9. No, that's not correct. Gold is more expensive because it is more difficult to find and more difficult to mine. Thus it takes more workers (who have paying jobs) to find the gold. You are correct that buying old art is just moving money between different rich people, but buying new art is certainly very good because it pays an artist, who buys a car and groceries with his money. All money that it put back into circulation to buy newly manufactured products are good for jobs and the economy. Remember that a screwdriver does not make money. Only the guy who built the screwdriver makes money. That includes everybody all the way back to the guy who drilled the well for the oil for the plastic in the handle.
  10. That's right. That's exactly what I said. Old cars are no good. New cars are great. If you want to talk about how legitimately they earned their money, that's a different discussion that I won't get into. I just want them to spend their money on mega-yachts. Lots and lots of mega-yachts and anything else that gets their money out of the mattress and into the hands of the workers.
  11. No, not at all, because he has simply invested this money in a different form of share certificate. Old cars = share certificates. On the other hand, if he was to spend the same $billion on designing and building new cars, then it would provide lots of employment for the masses. And if he goes and crashes those cars into a wall and then designs and builds another $billion in more cars, that's all the better. I'm a former stock broker and a CFA. I certainly understand capitalism. If rich people spend there money on goods and services that put people to work, that is a very good thing for the economy as a whole. If they just put their money into stocks and bonds, then its not as good. Think about the great depression. One of the many government make-work projects was Red Rocks. Was a concert venue the best way to spend money during a depression? This is where we get into the debate over whether it is better to give a man a job or just give him charity. I won't get into this. I only know that the biggest problem billionaires face is how to spend their money. I'd sure rather they spend it on stuff than keep it in their mattress.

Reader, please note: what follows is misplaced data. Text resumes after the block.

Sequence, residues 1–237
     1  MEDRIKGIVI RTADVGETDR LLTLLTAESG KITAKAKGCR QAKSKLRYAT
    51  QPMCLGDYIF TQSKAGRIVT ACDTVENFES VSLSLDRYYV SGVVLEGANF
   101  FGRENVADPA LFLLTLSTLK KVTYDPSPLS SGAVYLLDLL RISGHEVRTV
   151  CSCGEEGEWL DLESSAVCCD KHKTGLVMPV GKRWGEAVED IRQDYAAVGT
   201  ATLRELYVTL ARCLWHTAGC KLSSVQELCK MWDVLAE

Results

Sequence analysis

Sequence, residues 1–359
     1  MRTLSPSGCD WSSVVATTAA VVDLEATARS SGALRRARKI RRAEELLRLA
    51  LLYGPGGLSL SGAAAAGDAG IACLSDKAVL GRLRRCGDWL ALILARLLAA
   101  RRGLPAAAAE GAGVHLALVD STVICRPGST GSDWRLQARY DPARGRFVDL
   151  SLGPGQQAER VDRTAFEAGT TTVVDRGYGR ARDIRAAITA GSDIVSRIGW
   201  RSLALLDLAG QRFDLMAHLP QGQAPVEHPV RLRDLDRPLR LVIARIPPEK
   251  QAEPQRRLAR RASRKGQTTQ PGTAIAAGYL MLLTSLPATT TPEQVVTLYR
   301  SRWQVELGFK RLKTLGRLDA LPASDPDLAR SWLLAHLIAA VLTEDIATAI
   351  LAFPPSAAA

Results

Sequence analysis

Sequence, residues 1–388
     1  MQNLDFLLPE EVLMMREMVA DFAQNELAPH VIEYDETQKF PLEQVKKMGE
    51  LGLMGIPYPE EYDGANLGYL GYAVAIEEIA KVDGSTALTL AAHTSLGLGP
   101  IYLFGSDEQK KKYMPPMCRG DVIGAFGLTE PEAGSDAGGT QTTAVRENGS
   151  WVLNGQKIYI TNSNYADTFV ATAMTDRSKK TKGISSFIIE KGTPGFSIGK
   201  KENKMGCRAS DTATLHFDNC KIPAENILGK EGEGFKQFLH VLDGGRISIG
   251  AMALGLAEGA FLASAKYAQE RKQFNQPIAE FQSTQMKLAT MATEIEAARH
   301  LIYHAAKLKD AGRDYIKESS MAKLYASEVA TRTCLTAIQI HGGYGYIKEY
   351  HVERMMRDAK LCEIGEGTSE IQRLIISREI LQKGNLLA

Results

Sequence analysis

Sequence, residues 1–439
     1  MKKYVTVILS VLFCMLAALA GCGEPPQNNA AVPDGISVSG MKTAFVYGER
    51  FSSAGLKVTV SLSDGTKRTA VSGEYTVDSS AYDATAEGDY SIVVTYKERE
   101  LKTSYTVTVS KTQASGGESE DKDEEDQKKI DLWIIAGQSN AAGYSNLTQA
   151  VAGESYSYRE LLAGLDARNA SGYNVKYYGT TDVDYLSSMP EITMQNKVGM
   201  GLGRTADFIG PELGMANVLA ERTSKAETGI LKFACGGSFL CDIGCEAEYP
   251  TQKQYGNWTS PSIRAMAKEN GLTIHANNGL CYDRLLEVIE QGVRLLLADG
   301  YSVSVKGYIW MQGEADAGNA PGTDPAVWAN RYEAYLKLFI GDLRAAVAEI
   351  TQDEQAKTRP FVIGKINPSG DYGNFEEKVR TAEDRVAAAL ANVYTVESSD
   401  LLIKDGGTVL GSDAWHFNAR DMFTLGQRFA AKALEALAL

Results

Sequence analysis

12. Yes I did, but not for the reason you're thinking.
  13. In fact, I am very specifically against trickle down proponents for the very reason that you seem to be advocating. Normally, when a rich man earns an extra dollar, most of the money is simply invested in bonds, or the stock market, or kept in the bank, and it does no real good to the working public because it does not actually purchase any manufactured goods. On the other hand, when middle class person earns a dollar, nearly all of it is spent on goods that pass the dollar on to the next guy, and the next guy, and so on and so on. BUT, when a rich person spends his dollar on goods, like a boat or a mansion, or a diamond encrusted toilet paper roller, than that money is actually passed on to the worker, who passes it on to the next guy, and so on. As I said before every one of the $100 million he spends on this toy is going into the hands of workers, who will use that money to buy goods from other workers, who use it to buy goods from other workers. It's called the multiplier effect. (It's the reason why governments build roads and bridges during a recession.) This is much better than him investing $100 in the stock market, or in government bonds, or keeping it in the bank. Much much better. So to all those obscenely rich dudes that want to overpay for mega-yachts, go right ahead. And if you find that you don't like the feel of your sable toilet seat cover, than buy a bigger mega-yacht. You are keeping our economy going. And for heavens sake just don't put your money in the bank.
  14. Some of you critics really don't understand how capitalism works. Every penny that he spent on this toy goes towards giving some guy a job. Every penny. From the miners in South Africa who dug the rocks for his diamond encrusted toilet paper roller to the ranchers in Russia who raised the sable for his toilet seat covers. These workers owe their job to him and people like him. So if he spends $100 million on the yacht, that's $100 million in jobs that have been created. That's a heck of a lot better than keeping it in the bank. With regards to being tax deductible, do you think the IRS is stupid? There is nothing they would love more than to catch some rich guy cheating on this. I don't know the situation in Russia, but here in North America they would audit the expenses very carefully. He would have to prove that the boat is truly being used for business purposes. And they would only allow a deduction for the percentage of time that it was actually being used that way.
  15. Retrieving the sail would be simple. We could have 50' of small spectra line folded up /// like a parachute and held with a rubber band at the clew, secured between the clew and the boom. I think I like the idea of the helmsman having control of the release remote. Only if a singlehander was sleeping would he use an automatic release computer system. This would reduce false positives.